At a school in Managua, Nicaragua, deaf children are speaking a new language entirely their own, which nonetheless has remarkable similarities to the world's other languages. Researchers studying these similarities suggest this week in Science that, in fact, children give language its most fundamental, universal features just by the way they learn it.
As varied as they may sound to the untrained ear, all languages share certain basic traits that have been the subject of debate for decades.
While some researchers have argued that these traits come hard-wired in the human brain, others have argued that they developed gradually over generations through experimentation and improvement. In contrast, the new study suggests that the source of these similarities is the way languages are learned.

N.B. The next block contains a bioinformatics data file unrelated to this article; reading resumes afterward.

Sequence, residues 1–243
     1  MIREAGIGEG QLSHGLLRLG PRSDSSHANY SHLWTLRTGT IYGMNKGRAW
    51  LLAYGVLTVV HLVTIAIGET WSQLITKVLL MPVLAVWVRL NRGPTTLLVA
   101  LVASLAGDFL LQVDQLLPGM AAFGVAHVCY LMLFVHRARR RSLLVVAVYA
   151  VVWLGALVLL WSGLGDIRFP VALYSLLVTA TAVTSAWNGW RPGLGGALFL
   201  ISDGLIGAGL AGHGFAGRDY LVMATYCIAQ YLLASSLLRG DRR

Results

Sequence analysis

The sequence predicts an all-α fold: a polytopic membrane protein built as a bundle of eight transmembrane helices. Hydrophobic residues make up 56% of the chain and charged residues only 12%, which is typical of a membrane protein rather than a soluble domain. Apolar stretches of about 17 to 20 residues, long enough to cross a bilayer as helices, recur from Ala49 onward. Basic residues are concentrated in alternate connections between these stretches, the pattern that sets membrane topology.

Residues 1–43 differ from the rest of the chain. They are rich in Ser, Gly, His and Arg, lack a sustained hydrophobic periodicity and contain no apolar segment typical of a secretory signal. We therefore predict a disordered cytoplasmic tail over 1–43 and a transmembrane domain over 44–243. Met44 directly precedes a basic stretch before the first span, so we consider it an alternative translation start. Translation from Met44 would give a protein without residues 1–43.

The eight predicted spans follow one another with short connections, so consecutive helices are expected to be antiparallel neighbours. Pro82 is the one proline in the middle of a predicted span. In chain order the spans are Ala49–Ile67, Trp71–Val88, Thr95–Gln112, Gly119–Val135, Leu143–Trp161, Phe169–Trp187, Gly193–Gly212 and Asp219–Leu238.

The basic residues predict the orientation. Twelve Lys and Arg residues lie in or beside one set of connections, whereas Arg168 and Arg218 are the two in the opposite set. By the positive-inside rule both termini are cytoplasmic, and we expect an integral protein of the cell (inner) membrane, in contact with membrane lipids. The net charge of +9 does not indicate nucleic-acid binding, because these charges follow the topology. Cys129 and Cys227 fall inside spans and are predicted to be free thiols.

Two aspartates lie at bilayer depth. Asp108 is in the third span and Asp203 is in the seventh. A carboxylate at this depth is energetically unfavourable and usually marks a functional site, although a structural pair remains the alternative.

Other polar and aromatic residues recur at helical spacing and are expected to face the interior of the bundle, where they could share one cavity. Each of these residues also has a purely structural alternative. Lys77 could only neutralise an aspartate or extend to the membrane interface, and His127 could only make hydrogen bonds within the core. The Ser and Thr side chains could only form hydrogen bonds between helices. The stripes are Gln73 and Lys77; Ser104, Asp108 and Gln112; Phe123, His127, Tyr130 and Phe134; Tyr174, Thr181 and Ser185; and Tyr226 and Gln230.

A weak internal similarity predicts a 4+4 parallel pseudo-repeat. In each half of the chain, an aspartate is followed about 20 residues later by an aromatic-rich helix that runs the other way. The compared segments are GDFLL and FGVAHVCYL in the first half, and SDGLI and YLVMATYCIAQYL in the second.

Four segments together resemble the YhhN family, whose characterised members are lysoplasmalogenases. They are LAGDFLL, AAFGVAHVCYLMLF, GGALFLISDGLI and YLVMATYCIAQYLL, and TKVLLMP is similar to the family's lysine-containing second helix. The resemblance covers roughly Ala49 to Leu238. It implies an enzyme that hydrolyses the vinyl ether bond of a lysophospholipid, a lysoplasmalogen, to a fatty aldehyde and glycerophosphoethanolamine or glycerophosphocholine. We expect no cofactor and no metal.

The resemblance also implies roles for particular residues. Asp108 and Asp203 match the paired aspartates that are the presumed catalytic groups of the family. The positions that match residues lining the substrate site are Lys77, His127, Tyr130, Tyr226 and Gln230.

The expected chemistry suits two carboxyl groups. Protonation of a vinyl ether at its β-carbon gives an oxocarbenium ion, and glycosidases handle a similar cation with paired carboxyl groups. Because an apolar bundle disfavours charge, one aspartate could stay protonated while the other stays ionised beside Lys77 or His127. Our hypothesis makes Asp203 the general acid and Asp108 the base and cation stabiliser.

Ann Senghas of Barnard College of Columbia University and her colleagues propose that even if children aren't born with a "blueprint" for language (as Noam Chomsky, for example, has argued), their brains do use a specific approach to learning that can turn a simple communication system into a true language in a surprisingly short period of time.
The researchers compared the ways that deaf children and adults used Nicaraguan Sign Language (NSL) to tell a story. The signers had learned the language at different stages of its brief history.
While the oldest signers described actions using pantomime-like gestures, the younger generations carved the gestures into simpler, basic words, following rules fundamental to all languages.
The authors suggest that as subsequent groups of children have learned NSL, they have, all on their own, turne
Contact: Jessica Lawrence-Hurt
American Association for the Advancement of Science